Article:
Binding to Active Directory objects with the LDAP provider

To access the properties and methods of an object, you need to bind to it. This creates a reference to the object. You bind to Active Directory objects in VBScript with a "Set" statement, using the GetObject method. GetObject requires a "binding string", which is a text string that uniquely specifies the object in Active Directory. This is also referred to as the AdsPath of the object. Below are examples of statements that bind to objects with the LDAP provider. The binding string is the string in quotes.

Set objUser = GetObject("LDAP://cn=Joe Smith,ou=East,dc=MyDomain,dc=com")
Set objComputer = GetObject("LDAP://cn=Test2,cn=Users,dc=MyDomain,dc=com")
Set objGroup = GetObject("LDAP://cn=Engr,ou=East,dc=MyDomain,dc=net")
Set objOU = GetObject("LDAP://ou=Sales,ou=East,dc=MyDomain,dc=MyFirm,dc=com")

where:

LDAP: The provider (case sensitive)
objUser, objComputer, objGroup, objOU Variable referring to the object
cn=Joe Smith,ou=East,dc=MyDomain,dc=net Distinguished Name of user "Joe Smith"
cn=Joe Smith Relative Distinguished Name of user "Joe Smith"
dc=MyDomain,dc=com DNS domain name (MyDomain.com)
cn=Users Relative Distinguished Name of container "Users"
ou=East Organizational Unit where user "Joe Smith" resides
cn Common Name
ou Organizational Unit
dc Domain Component

The AdsPath of an object in Active Directory (the binding string) consists of the provider moniker (LDAP://) appended to the Distinguished Name of the object. The Distinguished Name specifies not just the name of the object, but also its location in the Active Directory hierarchy. The Distinguished Name consists of a series of components separated by commas. Each component consists of a moniker, an equals sign, and the name of the component. For example, the component "ou=Sales" is an organizational unit whose name is "Sales". The moniker "ou" means organizational unit. The component "cn=Test2" is an object whose Common Name is "Test2". The moniker "cn" means Common Name. Similarly, the moniker "dc" means domain component. The component "dc=MyDomain" is a domain component with the name "MyDomain".

As an example, the Distinguished Name "cn=Joe Smith,ou=East,dc=MyDomain,dc=com" has four components. The first (lowest level) component of the Distinguished Name is the Relative Distinguished Name (RDN) of the object. In this case, the RDN is "cn=Joe Smith". The RDN of an object is the name of the object in its container. The remainder of the components are the Distinguished Name of the container, which is the parent of the object. In this case, the object "cn=Joe Smith" is in the container whose Distinguished Name is "ou=East,dc=MyDomain,dc=com". In this case, the parent container is an organizational unit. The parent of the "ou=East" organizational unit is the domain "MyDomain.com". This domain has domain components "dc=MyDomain" and "dc=com". The full DNS name of the domain is "dc=MyDomain,dc=com".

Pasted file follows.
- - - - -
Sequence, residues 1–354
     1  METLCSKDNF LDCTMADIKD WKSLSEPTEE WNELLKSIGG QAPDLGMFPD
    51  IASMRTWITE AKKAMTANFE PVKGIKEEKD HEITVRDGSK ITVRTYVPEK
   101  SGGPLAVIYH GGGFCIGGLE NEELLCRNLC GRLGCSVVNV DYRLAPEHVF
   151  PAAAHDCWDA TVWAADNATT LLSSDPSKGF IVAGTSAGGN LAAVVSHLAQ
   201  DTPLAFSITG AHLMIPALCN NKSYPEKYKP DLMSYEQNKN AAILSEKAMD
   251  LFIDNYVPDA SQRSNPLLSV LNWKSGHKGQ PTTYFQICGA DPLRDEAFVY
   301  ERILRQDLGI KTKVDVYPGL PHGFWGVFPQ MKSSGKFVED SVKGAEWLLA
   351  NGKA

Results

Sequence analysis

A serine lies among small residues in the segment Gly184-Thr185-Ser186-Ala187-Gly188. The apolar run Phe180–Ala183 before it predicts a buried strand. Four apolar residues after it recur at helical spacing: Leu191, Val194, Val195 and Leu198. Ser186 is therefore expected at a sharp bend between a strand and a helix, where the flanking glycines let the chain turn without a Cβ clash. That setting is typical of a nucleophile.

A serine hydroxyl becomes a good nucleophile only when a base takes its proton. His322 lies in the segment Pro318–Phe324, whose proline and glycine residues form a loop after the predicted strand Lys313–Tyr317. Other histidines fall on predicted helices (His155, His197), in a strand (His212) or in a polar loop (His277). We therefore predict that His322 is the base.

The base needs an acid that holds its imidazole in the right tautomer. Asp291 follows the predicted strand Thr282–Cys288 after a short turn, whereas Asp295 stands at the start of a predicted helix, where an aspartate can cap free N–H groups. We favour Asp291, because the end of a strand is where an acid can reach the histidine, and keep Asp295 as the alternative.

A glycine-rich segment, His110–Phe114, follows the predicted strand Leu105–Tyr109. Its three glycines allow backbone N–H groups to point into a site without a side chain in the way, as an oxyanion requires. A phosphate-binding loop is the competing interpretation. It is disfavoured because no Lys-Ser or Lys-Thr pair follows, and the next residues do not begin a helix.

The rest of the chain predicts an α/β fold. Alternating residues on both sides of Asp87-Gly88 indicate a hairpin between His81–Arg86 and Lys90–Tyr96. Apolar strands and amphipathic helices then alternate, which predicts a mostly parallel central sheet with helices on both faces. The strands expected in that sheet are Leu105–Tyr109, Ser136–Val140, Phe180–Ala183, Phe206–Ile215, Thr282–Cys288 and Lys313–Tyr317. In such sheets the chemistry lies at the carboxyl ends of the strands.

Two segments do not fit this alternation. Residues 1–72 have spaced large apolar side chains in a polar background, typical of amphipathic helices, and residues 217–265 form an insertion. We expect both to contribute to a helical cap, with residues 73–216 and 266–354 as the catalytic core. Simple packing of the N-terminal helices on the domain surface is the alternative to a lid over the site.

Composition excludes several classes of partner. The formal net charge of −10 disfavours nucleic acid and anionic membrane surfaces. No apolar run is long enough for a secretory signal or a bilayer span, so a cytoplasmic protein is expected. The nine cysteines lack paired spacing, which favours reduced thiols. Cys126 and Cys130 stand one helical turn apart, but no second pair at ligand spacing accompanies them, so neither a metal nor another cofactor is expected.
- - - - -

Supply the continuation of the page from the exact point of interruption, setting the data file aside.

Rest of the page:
Container objects can be containers, organizational units, or domains. Container objects are objects that can "contain" other objects, such as user objects, group objects, and computer objects. Group objects are not containers. Groups can have members, but the members are not children of the group object.

In some cases it might be necessary to include a server name in the LDAP binding string. Usually, this is to refer to the copy of the object on a particular Domain Controller. However, it sometimes is necessary on NT or Win9x clients where DSClient has not been installed. In the example above, we bind to the copy of the "cn= Joe" object that is on the domain controller "MySvr".

Set objUser = GetObject("LDAP://MySvr/cn=Joe,cn=users,dc=MyDom,dc=com")

The server name can also be specified as a DNS host name. For example, the above could be:

Set objUser = GetObject("LDAP://MySvr.MyDom.com/cn=Joe,cn=users,dc=MyDom,dc=com")

The binding strings described so far have been in "Little-Endian" form. This is by far the most common. However, there is also a "Big-Endian" form, with elements in the binding string reversed and separated by slashes instead of commas:

Set objUser = GetObject("LDAP://MyDC/dc=com/dc=MyDom/OU=Sales/cn=Test3")

Different classes of objects in Active Directory use different monikers in their Relative Distinguished Names. This moniker is the attribute that names the object. The following table shows the naming attribute for common classes of objects in Active Directory.

Object Class Naming attribute
user cn (Common Name)
group cn (Common Name)
computer cn (Common Name)
container cn (Common Name)
organizational unit ou (Organizational Unit)
domain dc (Domain Component)